Clinical services of sexual medicine have been offered in both public and private
healthcare without any integrated or coordinated national planning. The idea of nation
wide service groups providing clinical services in sexual medical has been under discussion
during the last two or three years. In the current national public healthcare system,
general practitioners and specialists already diagnose and provide basic treatments for
the most common sexological diseases. The more complicated cases are treated in five
university central hospitals and their clinics. But these clinics usually do not have an
integrated system of services for clinical sexology. Patients seek help from a variety of
specialists and clinics. Jyväskylä Central Hospital is the first public healthcare unit in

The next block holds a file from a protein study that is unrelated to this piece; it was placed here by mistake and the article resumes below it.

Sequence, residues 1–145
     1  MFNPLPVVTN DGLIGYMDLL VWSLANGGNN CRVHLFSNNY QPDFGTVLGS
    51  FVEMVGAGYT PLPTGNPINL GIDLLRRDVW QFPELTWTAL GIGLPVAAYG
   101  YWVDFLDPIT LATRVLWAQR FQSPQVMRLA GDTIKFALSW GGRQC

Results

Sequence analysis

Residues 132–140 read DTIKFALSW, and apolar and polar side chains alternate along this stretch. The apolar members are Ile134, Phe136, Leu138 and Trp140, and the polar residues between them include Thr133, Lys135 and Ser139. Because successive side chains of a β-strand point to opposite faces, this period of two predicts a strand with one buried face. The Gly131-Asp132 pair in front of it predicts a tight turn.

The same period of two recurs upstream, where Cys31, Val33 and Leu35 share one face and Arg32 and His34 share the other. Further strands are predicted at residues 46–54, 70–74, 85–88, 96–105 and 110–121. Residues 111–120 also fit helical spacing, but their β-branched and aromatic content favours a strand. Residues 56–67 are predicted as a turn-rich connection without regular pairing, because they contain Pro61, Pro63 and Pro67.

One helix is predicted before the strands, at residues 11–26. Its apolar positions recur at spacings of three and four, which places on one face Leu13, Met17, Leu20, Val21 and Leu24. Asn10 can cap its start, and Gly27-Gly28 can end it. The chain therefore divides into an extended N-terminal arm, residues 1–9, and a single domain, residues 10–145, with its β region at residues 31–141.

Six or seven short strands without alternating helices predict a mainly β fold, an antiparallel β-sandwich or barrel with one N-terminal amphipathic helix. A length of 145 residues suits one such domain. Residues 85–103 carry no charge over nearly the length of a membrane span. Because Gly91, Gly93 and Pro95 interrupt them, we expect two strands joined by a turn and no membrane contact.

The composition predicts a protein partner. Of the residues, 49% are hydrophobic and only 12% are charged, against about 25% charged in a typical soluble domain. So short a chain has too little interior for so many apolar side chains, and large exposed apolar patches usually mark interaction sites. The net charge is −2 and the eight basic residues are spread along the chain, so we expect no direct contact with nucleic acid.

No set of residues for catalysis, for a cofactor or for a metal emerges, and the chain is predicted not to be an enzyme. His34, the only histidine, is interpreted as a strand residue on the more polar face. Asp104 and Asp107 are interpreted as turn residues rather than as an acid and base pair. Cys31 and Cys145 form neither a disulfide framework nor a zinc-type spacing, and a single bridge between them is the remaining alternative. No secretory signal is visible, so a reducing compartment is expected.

Finland planning to offer a Clinic for Sexual Medicine.
Patients can also choose private medical services. Some patients do so because of the
belief that the quality of private healthcare is better than the quality of public service, or
they worry about their privacy at municipal health centres where they are well known.
Some private medical centres have gynaecologists and urologists who have special
training to provide clinical services for sexual healthcare. National organisations such as
the Family Federation of Finland and SEXPO (Finnish Foundation for Sex Education
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and Therapy) have private clinics and therapy centres for sexual health. The lack of a